Spying on Americans = Good; Talking about it = Bad
My wife just called me to share her joy at watching President Bush’s press conference this morning. “He’s just losing it,” she tells me breathlessly, “reporters keep asking him about the domestic spying, the Plame leak, the torture, and for once his mantra of ‘9/11 changed everything’ isn’t holding back the criticism! It’s hilarious?”
Well, it would be hilarious, if this were a fictional TV sitcom about a bumbling commander-in-chief, like Comedy Central’s short-lived “That’s My Bush!”. The problem with that show is it was hard to satirize something that’s not taken seriously in the first place. (Oh, and 9/11 happened and changed everything.) As it is, knowing that the real Bush is having a detrimental effect on every human life on the planet is too terrifying to be funny:
WASHINGTON – President Bush on Monday said disclosure of his domestic eavesdropping program was a “shameful act” and said he will keep using it “for so long as the nation faces the continuing threat of an enemy that wants to kill American citizens.”
“As president of the United States and commander in chief I have the constitutional responsibility and the constitutional authority to protect our country,” he said in an opening statement at a year-end news conference.
Asked if the Justice Department would be investigating who leaked the existence of the program, first disclosed last week by The New York Times, Bush said he presumed the process had started.
“It was a shameful act for someone to disclose this important program in a time of war. The fact that we’re discussing this program is helping the enemy,” he said at the White House event.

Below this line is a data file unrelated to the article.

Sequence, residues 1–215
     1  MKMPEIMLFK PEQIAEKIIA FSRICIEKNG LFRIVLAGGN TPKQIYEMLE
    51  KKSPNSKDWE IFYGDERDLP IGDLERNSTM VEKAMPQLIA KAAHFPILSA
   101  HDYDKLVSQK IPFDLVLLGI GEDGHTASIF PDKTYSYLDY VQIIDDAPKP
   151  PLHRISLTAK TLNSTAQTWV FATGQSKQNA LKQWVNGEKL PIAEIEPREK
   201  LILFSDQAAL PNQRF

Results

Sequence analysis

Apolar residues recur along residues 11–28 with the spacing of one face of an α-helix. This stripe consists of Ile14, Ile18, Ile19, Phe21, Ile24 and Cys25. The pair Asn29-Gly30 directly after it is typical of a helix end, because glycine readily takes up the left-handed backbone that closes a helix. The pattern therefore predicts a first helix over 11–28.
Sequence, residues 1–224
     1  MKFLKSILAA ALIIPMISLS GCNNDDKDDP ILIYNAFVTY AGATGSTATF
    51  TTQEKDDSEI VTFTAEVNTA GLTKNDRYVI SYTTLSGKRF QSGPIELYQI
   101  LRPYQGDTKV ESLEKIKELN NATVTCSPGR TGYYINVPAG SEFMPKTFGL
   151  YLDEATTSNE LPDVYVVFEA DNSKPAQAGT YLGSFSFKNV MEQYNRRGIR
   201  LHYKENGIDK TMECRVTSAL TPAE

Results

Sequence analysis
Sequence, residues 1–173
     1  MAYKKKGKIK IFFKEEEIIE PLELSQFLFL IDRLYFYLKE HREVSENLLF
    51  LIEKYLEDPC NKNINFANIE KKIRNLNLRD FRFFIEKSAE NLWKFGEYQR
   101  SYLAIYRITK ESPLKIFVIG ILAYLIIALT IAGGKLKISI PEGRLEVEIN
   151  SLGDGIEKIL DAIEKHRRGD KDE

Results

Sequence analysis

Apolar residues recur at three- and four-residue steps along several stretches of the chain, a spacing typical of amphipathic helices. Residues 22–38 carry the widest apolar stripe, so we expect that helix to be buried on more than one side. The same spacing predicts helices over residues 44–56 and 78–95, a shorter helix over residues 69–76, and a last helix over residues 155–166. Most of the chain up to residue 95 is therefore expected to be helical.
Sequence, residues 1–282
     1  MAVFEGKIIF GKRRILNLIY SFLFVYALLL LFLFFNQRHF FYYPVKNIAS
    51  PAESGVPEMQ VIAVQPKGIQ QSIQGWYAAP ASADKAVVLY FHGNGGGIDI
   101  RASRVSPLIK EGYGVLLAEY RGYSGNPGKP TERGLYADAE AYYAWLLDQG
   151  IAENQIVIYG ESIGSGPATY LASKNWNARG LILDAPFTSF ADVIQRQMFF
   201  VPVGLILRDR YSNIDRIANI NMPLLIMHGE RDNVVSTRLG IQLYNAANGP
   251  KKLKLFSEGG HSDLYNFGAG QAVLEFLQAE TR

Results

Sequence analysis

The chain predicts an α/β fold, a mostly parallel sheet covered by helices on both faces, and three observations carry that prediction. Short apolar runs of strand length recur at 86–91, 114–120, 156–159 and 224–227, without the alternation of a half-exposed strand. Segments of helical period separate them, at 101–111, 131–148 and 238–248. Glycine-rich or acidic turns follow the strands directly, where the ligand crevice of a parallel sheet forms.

How DARE anyone mention that we’re spying on American citizens? I mean, spying on our own citizens in violation of their constitutional civil rights, that’s understandable… but talking about it?!? That could ruin everything. It’s like those Abu Ghraib photographs; nobody really had a problem with us torturing… ahem, interrogating extraordinarily… until they actually knew about it.
Normally, no wiretapping is permitted in the United States without a court warrant. But Bush said he approved the action without such orders “because it enables us to move faster and quicker. We’ve got to be fast on our feet.
“It is legal to do so. I swore to uphold the laws. Legal authority is derived from the Constitution,” Bush added.
“…which I think I read once at Andover, heh heh. I particularly like the part that says the Commander-in-Chief has absolute power to do whatever the hell he wants during wartime, that’s my favorite!”